Friedberg, O'Hanlon GS '91 discuss possible approaches of Chinese government to President-elect Trump
In a lecture, Wilson School professor Aaron Friedberg and Brookings Institution senior fellow Michael O’Hanlon GS '91 each presented several possibilities for action that the Chinese government may take under President-elect Trump in the future, all of which suggested a Chinese desire to scale back American influence in East Asia so that China can become the preeminent power in the region.
Friedberg identified the two main scenarios that he views as possible regarding U.S.-China relations: tough confrontation and diplomatic cleverness. On one hand, he said Trump may make good on his campaign threats towards China, maneuvering to balance the U.S.-China trade deficit and maintain American dominance.
“Chinese observers see two potential scenarios. One would be a situation which the Trump administration followed through on its harsh rhetoric,” Friedberg explained. “So one possibility is that the Trump administration could really take a hard confrontational line towards China and that relations could really spiral down quite rapidly.”
He added that it’s possible for China to diplomatically approach Trump in order to establish good relations and take advantage of the Trump administration’s focus on the Middle East to consolidate its own power.
“I can imagine that as Mr. Trump comes into office, China will try to, instead of testing the administration, as they’ve done with the Bush administration and the Obama administration, extend an olive branch, unleash a kind of charm offensive, invite Mr. Trump to pay an early visit to China,” Friedberg said. “The Chinese are world experts at flattering political leaders and making them feel smart and important.”
O’Hanlon then explained what he felt was the most likely path for U.S.-China relations to take. Given China’s recent history of being oppressed, invaded, and taken advantage of by both Western powers and Japan, he said, the current Chinese regime, which he termed a “recently-arrived power,” will seek ways to bolster its own position as the preponderant power in Asia.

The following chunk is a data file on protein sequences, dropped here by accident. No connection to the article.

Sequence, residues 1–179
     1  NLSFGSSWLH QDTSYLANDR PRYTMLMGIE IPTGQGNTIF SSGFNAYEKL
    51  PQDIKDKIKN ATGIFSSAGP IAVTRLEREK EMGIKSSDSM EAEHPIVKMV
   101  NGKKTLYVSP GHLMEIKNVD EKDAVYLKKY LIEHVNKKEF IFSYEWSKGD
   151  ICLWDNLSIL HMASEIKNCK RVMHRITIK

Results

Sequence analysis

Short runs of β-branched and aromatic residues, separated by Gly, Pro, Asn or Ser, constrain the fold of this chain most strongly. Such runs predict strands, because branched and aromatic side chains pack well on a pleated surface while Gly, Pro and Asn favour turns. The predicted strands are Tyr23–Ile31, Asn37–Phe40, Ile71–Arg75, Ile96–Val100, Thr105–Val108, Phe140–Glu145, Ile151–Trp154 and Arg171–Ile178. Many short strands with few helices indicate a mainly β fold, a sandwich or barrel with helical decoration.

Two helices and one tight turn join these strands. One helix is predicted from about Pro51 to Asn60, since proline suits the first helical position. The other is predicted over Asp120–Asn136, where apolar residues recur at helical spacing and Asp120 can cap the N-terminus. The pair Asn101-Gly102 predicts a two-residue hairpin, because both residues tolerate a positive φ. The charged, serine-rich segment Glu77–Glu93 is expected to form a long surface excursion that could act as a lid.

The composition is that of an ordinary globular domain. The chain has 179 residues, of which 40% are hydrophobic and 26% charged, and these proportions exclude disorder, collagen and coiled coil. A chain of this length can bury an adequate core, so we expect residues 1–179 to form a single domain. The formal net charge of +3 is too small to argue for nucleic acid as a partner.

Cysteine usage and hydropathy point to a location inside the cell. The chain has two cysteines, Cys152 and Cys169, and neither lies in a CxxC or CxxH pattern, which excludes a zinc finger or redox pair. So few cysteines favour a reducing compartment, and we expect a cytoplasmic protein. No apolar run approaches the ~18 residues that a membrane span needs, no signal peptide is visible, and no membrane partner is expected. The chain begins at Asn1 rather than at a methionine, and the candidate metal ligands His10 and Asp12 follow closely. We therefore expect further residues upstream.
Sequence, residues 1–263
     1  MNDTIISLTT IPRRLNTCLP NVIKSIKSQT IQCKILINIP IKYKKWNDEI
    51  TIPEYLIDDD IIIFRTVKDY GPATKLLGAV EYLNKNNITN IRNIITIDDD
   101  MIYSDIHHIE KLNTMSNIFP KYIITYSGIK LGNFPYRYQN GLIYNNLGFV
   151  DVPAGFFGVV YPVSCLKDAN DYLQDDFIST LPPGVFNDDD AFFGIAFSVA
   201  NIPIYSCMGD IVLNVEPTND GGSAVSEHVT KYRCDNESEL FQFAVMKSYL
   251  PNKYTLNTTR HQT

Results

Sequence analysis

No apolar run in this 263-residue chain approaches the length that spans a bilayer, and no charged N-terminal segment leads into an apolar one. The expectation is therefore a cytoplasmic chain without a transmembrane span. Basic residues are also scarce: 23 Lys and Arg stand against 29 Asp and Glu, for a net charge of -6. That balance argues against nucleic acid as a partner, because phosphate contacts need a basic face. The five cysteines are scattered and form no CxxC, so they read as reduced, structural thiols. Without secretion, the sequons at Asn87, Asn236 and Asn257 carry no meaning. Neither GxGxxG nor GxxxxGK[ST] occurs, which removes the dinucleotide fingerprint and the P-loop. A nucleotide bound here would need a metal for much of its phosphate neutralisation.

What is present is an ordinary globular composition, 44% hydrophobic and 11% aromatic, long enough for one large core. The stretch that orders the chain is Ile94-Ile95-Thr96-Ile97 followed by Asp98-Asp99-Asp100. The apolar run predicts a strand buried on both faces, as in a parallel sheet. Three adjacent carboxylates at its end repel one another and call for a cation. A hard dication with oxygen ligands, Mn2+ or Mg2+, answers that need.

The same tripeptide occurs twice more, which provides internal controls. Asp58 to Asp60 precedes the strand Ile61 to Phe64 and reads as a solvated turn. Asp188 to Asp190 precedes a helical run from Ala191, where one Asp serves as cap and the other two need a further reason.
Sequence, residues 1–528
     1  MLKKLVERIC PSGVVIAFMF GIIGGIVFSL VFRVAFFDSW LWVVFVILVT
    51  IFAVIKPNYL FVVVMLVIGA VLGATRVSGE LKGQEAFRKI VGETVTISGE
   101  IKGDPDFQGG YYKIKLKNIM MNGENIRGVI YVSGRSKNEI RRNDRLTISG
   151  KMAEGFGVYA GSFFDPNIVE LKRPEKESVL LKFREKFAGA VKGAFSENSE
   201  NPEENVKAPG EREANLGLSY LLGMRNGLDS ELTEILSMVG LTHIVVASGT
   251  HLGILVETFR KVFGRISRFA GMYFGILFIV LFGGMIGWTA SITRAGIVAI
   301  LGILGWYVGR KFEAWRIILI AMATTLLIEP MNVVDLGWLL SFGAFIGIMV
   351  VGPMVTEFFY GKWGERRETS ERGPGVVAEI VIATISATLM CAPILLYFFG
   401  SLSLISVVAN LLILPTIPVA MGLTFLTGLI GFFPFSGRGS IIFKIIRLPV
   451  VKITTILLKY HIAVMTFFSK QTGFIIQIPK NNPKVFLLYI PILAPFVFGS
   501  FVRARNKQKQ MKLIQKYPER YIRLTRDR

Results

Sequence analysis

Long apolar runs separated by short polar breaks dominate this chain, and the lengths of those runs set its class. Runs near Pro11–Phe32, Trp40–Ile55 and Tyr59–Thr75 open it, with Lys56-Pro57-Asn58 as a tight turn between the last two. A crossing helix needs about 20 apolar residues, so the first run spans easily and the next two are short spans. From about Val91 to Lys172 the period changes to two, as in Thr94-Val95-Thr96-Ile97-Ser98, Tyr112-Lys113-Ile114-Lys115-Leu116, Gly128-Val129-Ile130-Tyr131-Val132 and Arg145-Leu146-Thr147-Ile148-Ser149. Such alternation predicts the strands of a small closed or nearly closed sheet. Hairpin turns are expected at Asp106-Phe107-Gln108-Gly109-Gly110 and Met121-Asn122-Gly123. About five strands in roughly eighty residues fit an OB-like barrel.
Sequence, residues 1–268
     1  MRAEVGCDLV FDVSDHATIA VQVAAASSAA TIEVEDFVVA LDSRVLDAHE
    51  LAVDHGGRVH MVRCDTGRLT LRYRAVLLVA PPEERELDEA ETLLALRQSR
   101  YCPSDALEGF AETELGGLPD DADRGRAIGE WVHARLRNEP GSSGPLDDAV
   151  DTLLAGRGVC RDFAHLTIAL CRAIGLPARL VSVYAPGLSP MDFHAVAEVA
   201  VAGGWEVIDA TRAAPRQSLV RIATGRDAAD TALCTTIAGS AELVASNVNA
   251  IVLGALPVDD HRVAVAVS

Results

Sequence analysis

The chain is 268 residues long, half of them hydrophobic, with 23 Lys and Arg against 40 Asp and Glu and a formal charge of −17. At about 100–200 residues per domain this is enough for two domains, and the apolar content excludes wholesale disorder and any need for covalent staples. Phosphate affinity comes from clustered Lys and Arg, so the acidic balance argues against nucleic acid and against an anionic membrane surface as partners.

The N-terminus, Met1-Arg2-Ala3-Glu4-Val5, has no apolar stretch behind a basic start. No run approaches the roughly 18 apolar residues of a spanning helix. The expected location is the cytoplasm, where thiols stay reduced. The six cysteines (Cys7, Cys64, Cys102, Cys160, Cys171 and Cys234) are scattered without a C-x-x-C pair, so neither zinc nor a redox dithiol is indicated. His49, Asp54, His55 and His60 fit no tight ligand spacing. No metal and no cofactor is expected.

“That recently-arrived power is looking for ways to flex its muscles in a manner that hopefully lets it have its cake and eat it too,” O’Hanlon explained. “What they’re actually doing is trying to increase their sway in this region, and at a minimum, be a co-equal power to ours militarily and the preeminent power economically.”
However, according to O’Hanlon, one thing to be optimistic about is the fact that, compared to most rising world powers, China is carrying out its ascension in a relatively non-violent way, although he went on to warn that we shouldn’t expect this behavior permanently.
“If the worst they’ve done to date so far in reasserting this national pride is to try to get the upper hand in these unclaimed areas of the South China Sea, I’m going to stay hopeful that this is a country that is acting in, frankly, by the standards of history, a fairly restrained way for such a rapidly-rising power,” O’Hanlon said.
In explaining China’s relatively nonviolent aggression, Friedberg pointed to the fact that the Chinese Communist Party is constantly seeking ways to maintain its legitimacy in the eyes of the Chinese people. According to Friedberg, the CCP is not looking to start another world war, but it will continue to act aggressively in order to create tension and maintain patriotism and national support.
“[China] doesn’t want World War III, but it also doesn’t want a world in which people in China might say, for example, ‘Thank you very much, Chinese Communist Party, you’ve saved us from the century of humiliation and turned our country into a modern economic power, we’re now ready to rule ourselves.’ That’s not what the CCP wants, and partly because of that reason, it’s going to behave in ways that are aggressive towards the rest of the world,” Friedberg said.
Both Friedberg and O’Hanlon stated a need for the U.S. to continue pushing back against China’s increasing concentration of power under the Trump administration, with Friedberg adding that China’s goal is to make the world safer for authoritarianism. O’Hanlon also offered his belief that the U.S. should increase its military spending.
The lecture, entitled “What Comes Next? The Future of the U.S.-China Relationship under Donald Trump,” took place 7:30 p.m. on Wednesday at Jones Hall, room 202. It was sponsored by the University’s chapter of the Alexander Hamilton Society, which Friedberg co-founded.